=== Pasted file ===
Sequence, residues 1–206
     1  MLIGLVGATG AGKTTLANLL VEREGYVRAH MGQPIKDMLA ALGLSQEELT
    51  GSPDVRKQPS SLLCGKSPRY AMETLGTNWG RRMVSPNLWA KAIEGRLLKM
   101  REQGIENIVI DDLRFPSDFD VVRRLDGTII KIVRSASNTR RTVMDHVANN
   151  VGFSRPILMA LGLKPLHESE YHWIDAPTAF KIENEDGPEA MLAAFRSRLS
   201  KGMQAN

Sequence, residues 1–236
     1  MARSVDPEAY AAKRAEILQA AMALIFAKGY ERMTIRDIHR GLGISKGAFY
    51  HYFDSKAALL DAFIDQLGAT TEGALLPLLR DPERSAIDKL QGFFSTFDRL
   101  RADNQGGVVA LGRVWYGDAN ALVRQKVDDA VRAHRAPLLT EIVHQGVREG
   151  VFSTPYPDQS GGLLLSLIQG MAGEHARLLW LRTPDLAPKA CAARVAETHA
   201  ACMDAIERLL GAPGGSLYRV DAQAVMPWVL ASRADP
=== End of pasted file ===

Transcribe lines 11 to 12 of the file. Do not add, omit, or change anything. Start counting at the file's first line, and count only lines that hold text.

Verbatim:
   151  VFSTPYPDQS GGLLLSLIQG MAGEHARLLW LRTPDLAPKA CAARVAETHA
   201  ACMDAIERLL GAPGGSLYRV DAQAVMPWVL ASRADP